Pokemon ‘Franchise’ for Game Boy Gets $14 Mil. Blitz
LOS ANGELES–Nintendo of America is introducing Pokemon for its Game Boy line Sept. 28 with a $14 million advertising and direct marketing effort.
The launch campaign includes a 30-second TV spot from Nintendo’s lead agency, Leo Burnett in Chicago, and an extensive direct marketing push from Kovel Kresser & Partners in Venice, Calif.
“Typically, we launch a video game like a movie: six weeks of support and then you’re done and you move on to the next one,” said George Harrison, vice president of marketing and corporate communications at the Redmond, Wash.-based company. “But Pokemon is a franchise we expect will grow over several years. You have to get a franchise established, and we’re doing that [with the launch campaign].”
The game, which arrives on retail shelves next week, challenges players to locate and train a group of 150 different characters known collectively as the Pokemon. To dramatize the difficulty of catching them, the Burnett spot shows the animated characters climbing into a city bus. They are “captured” when the bus is crushed into a lump of scrap metal that transforms into a Game Boy–the only place they can be found.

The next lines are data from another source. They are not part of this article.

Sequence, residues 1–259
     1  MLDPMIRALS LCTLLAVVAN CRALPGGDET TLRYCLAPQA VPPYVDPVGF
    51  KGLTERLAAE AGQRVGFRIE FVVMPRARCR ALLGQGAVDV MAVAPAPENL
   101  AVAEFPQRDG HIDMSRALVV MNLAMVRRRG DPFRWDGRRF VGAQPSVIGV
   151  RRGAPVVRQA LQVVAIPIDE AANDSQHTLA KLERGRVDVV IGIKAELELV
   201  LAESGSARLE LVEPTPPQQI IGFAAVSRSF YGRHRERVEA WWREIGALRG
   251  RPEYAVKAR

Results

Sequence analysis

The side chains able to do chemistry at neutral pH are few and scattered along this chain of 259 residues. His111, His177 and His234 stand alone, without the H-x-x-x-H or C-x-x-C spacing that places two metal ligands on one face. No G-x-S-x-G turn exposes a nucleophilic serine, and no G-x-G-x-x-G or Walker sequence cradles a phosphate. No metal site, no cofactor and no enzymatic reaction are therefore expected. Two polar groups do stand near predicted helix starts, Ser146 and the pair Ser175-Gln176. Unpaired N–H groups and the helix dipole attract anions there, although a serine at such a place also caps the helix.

A fleet of VW Beetles customized to resemble yellow Pokemon characters embarks on a 10-city tour this month to support the launch. A home video, comic books, trading cards and a Hasbro toy line are also part of the planned Pokemon franchise.
Kovel Kresser recently mailed out a 15-minute video to more than a million Game Boy owners in Nintendo’s database as part of its $1 million-plus direct marketing campaign. Also, an animated, five-day-a-week Pokemon TV show made its debut last week, with 87 percent market clearance, Harrison said.
At $14 million, the marketing budget for Pokemon–with all elements tagged “Gotta catch ’em all”–is the highest of any of Nintendo’s Game Boy titles. Coupled with the $12 million KFC will spend in November on a tie-in promotion, the game is getting more market support than any Nintendo product, according to Harrison. He added that the company sees Pokemon as a long-term product in the U.S., as it has been in Japan.
The Pokemon launch will be Nintendo’s primary but not sole marketing focus before Christmas. On Nov. 23, it will introduce a color-screen Game Boy, and follow that in December with the launch of the newest of the Zelda games for its Nintendo 64 system.
Separately, Nintendo competitor Sony Computer Entertainment America will pump more than $50 million into advertising and cross-promotions during the fourth quarter to support its PlayStation system and related games and products. At least $40 million is expected to be funneled into TV advertising from TBWA Chiat/Day, Venice, Calif.
–with Tobi Elkin and Michael McCarthy